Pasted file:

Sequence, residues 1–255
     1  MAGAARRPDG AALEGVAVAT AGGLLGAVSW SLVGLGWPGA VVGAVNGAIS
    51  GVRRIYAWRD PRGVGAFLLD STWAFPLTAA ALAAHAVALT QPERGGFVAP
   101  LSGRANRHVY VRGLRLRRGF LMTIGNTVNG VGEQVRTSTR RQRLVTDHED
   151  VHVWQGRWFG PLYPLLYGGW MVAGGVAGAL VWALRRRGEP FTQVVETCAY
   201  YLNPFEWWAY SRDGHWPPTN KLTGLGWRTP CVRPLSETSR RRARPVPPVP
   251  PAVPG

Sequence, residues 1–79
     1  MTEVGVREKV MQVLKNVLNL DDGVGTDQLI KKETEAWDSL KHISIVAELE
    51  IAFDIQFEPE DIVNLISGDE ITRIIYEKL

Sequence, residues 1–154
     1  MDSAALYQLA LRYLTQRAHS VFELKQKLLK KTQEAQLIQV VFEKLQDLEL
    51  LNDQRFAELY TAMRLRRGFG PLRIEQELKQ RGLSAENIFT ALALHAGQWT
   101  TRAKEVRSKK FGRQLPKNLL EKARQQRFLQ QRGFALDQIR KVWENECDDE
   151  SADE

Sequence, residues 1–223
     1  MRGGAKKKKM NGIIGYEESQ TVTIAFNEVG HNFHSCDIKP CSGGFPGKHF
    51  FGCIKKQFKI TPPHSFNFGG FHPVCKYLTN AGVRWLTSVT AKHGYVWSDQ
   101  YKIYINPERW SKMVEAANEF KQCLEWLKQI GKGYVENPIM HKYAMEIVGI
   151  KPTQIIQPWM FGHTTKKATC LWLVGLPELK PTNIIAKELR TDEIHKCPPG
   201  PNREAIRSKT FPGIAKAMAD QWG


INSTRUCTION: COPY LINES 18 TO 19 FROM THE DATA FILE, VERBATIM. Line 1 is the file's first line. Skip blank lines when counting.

    51  FGCIKKQFKI TPPHSFNFGG FHPVCKYLTN AGVRWLTSVT AKHGYVWSDQ
   101  YKIYINPERW SKMVEAANEF KQCLEWLKQI GKGYVENPIM HKYAMEIVGI